BROWNSVILLE – A billion dollar development is headed for Brownsville, bringing an arts center and nearly 900 affordable housing units across three buildings to the neighborhood, to be built on city-owned sites.
The Brownsville Arts Center & Apartments will contain 230 affordable units, which will include those available to extremely low-income and formerly homeless households. The nine-story building will occupy a large section of the block bounded by East New York and Pitkin Avenues, between Rockaway Ave and Chester Street.
The BACA building will feature 24,000 square feet of cultural space, with a dance and performing arts school run by Purelements, a music school from Brooklyn Music School and a media lab and arts center run by BRIC.
“For far too long Brownsville, home of some of Brooklyn’s most brilliant minds, has been left out of our city’s technological innovations,” said Representative Yvette Clark.
“I am thrilled to hear that development has begun for our proposed Brownsville Cultural Arts Center and Apartments. The new cultural center will be Brownsville’s hub for tech and arts and will also serve as a collaborative space for local organizations to convene.”
A couple blocks east, on the other side of the Howard Houses, at the corner of Glenmore and Christopher Avenues, will be another housing development providing 230 more affordable units: the Glenmore Manor. Along with extremely low-income and formerly homeless households, the development will also have units for low-income seniors. On the ground floor, retail space will be filled by a credit union, a restaurant and a beauty products shop.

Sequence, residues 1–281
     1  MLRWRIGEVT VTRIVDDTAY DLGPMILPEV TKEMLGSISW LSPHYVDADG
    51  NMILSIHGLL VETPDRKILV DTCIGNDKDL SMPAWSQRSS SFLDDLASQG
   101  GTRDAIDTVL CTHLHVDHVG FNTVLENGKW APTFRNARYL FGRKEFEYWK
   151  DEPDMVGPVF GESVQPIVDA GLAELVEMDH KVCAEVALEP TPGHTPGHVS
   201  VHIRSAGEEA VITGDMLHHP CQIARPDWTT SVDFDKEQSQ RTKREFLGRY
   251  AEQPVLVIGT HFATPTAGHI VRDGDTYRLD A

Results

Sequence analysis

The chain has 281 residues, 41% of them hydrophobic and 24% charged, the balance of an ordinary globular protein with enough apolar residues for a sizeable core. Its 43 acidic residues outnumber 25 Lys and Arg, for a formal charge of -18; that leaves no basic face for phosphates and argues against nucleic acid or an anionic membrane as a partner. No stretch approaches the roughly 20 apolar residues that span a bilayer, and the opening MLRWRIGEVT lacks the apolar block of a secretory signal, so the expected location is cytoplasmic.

Finally, a series of four parcels on Livonia Avenue will contribute another 420 affordable units. Many community and health-oriented additions will be part of the Livonia C project, including a supermarket, a rooftop greenhouse, community gardens, a youth center and a senior center.
Early renderings of the site are by Aufgang Architects, who have designed other large-scale housing developments, like the huge building at 810 Fulton Street in Fort Greene and Clinton Hill.
“Today, I am proud to see those plans finalize with the selection of developers and community-based partners that will create not only newly constructed affordable housing, but a cultural arts attraction and urban tech hub that will foster future partnerships. With these selections, today is a proud day for Brownsville and I look forward to the process ahead leading to meaningful ribbon cuttings,” said Councilmember Alicka Ampry-Samuel (D-41), a lifelong resident of Brownsville.
All the development is part of the city’s Brownsville Plan, which represents a $1 billion investment into the Brooklyn neighborhood. While it isn’t a rezoning like neighboring East New York, the plan will develop city-owned land to add affordable housing and homes for sale, along with other neighborhood investments.